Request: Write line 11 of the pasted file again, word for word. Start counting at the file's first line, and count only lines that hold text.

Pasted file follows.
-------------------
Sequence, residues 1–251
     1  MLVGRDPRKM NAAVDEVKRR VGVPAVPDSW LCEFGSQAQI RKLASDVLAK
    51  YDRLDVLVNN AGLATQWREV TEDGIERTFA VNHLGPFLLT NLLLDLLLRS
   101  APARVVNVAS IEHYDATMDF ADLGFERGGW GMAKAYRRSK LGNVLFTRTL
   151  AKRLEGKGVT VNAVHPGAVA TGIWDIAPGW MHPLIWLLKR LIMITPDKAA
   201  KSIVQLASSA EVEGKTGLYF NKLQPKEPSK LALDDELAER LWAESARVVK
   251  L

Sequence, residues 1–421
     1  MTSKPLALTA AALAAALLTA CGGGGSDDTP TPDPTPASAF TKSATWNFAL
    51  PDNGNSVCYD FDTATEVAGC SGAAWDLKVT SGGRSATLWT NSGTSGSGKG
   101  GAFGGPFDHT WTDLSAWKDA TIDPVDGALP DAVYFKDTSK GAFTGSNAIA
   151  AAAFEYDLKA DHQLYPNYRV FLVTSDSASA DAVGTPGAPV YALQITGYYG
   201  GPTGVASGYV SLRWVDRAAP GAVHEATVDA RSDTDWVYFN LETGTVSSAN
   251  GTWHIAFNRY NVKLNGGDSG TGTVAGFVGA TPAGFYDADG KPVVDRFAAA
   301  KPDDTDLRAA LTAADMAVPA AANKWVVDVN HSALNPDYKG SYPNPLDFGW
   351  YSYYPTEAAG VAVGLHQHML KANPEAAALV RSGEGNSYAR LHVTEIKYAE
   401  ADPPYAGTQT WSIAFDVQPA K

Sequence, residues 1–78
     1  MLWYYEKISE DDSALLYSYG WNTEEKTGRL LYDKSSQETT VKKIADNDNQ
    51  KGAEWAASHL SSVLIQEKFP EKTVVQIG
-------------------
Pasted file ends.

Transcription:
   101  GAFGGPFDHT WTDLSAWKDA TIDPVDGALP DAVYFKDTSK GAFTGSNAIA